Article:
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N.C. unemployment trust fund running out

Posted November 21, 2008

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— North Carolinians who are out of work look to unemployment insurance to help pay their bills, but the trust fund that money comes from is running low and could soon run out, officials said.

The National Employment Law Project, a New York-based think tank, estimates reserves in the trust fund will last for about four more months.

“You would like to have more cushion,” N.C. Employment Security Commission Deputy Commissioner David Clegg said.

Clegg said at one time there was more than a year's worth of money in reserves.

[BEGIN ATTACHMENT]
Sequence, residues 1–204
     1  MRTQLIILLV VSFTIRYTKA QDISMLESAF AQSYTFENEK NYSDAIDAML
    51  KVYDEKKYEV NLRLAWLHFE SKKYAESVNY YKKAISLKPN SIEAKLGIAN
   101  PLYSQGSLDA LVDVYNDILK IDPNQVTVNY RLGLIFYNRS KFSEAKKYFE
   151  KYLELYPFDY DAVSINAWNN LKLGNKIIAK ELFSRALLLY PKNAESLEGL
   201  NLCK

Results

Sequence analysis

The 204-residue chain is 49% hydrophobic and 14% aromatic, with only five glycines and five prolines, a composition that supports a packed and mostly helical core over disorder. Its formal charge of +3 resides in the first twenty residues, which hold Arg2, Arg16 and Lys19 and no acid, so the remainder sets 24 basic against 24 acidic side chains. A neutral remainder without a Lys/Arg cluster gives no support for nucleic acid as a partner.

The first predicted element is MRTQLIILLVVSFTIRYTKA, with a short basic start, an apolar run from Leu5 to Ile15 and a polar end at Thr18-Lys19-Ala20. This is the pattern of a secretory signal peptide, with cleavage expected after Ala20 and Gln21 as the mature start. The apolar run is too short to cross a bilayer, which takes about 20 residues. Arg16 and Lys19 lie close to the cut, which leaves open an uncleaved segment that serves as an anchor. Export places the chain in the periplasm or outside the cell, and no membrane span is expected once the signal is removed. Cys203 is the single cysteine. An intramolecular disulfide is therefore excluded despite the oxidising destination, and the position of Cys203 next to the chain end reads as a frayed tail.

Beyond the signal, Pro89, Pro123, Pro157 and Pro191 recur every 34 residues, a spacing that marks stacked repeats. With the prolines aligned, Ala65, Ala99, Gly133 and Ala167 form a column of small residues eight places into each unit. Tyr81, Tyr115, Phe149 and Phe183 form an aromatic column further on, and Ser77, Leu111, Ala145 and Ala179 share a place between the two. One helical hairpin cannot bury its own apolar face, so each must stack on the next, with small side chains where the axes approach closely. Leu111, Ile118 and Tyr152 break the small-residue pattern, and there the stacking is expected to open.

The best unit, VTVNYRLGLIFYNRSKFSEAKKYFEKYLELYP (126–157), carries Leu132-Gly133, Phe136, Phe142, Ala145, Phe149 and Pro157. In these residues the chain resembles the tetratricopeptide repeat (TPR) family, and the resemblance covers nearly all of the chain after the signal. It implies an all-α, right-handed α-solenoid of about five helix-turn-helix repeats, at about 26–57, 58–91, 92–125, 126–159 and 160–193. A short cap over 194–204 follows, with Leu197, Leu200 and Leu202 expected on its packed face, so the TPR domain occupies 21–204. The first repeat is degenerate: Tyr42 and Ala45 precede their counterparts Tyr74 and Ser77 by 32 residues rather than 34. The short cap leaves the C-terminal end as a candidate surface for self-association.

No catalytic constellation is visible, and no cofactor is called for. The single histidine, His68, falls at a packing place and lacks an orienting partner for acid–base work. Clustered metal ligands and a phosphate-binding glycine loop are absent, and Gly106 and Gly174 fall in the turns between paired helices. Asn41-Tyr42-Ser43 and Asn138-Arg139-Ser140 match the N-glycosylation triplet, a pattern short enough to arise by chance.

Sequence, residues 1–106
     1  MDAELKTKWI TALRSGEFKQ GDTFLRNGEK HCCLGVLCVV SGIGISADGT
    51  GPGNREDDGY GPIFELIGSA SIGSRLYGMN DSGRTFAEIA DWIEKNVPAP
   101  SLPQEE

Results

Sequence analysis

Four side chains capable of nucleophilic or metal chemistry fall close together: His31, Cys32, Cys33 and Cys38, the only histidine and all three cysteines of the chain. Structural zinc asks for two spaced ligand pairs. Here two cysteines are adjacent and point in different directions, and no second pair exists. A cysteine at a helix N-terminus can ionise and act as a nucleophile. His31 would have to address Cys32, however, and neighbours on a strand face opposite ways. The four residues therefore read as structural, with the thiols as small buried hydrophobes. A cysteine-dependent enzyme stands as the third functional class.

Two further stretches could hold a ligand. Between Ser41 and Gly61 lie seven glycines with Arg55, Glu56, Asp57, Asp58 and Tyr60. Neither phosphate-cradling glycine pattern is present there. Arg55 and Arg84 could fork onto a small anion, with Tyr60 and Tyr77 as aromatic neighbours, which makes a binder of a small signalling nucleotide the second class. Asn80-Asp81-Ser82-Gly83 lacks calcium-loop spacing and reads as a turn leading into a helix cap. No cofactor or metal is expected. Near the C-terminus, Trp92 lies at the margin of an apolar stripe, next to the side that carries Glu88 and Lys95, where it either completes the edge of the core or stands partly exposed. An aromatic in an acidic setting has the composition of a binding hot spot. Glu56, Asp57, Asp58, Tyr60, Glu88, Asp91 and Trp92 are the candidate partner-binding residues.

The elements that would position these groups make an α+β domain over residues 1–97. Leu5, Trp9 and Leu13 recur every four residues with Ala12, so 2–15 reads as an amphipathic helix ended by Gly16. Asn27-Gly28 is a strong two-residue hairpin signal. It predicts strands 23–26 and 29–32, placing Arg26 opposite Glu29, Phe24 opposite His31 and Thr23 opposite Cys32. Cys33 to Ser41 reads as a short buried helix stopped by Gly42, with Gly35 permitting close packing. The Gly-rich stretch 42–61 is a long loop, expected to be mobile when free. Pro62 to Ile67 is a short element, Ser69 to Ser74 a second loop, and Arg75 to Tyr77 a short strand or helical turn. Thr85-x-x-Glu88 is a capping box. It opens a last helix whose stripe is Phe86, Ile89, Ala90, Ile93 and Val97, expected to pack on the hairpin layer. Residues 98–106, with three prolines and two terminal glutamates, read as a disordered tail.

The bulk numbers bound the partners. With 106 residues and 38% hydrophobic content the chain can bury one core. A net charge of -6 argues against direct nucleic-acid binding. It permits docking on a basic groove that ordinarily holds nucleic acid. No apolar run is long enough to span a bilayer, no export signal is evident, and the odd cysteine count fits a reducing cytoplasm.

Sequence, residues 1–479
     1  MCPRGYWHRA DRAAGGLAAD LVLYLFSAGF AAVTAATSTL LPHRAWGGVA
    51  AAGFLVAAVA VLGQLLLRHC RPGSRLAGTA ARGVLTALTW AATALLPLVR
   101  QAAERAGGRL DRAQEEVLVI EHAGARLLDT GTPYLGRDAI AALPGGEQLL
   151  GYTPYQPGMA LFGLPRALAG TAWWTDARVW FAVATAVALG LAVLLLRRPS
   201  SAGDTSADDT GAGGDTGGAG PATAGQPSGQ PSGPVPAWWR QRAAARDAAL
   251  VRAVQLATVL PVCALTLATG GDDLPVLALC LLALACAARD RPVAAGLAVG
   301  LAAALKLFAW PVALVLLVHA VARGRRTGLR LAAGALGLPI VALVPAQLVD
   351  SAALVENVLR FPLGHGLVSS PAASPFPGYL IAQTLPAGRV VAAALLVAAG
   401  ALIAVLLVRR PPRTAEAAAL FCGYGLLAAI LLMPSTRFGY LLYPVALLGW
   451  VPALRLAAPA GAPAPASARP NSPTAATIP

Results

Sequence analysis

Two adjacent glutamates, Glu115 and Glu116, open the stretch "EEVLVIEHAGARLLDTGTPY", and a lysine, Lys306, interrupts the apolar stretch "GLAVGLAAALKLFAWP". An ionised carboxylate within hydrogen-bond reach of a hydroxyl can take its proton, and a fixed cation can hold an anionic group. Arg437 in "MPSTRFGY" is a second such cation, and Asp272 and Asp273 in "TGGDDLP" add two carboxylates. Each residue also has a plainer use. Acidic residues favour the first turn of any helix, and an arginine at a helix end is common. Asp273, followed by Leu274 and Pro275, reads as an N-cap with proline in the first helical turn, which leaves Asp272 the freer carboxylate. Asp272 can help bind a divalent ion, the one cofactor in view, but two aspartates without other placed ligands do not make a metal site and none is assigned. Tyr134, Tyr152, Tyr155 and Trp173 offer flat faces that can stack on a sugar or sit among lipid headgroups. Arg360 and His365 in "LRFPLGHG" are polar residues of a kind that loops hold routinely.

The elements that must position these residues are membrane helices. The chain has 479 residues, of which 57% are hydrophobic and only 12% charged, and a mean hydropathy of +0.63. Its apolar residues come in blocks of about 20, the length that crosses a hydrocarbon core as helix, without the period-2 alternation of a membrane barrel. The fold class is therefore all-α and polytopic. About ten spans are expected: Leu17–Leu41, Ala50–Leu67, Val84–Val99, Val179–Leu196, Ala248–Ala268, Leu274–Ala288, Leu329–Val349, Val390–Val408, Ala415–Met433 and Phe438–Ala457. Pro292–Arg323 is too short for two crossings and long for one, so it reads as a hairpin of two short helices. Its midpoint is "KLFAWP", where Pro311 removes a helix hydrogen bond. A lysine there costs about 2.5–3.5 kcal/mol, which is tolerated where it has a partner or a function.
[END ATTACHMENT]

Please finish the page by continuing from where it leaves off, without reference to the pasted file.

North Carolina’s unemployment rate climbed to 7 percent in October, even though the state reported a net increase of some 4,100 jobs.

In October, $119 million were paid from the fund. The trust fund balance is currently around $355 million.

For the second month President George W. Bush signed a bill offering federal money to North Carolina’s unemployed.

Clegg said the fund will also get an increase from tax collections.

“There will be a tremendous infusion of cash into the trust fund in the first quarter of 2009,” Clegg said.

There is a chance similar concerns could arise again in the new year.

“We are going to have to begin having very serious solvency discussions,” Clegg said.

North Carolina is among 19 states cited by the National Employment Law Project as having nearly insolvent or marginally solvent trust funds.

If the fund runs out of money, the Employment Security Commission will have to take out a loan from the federal government to pay unemployment benefits. The last time that happened was in 2002.

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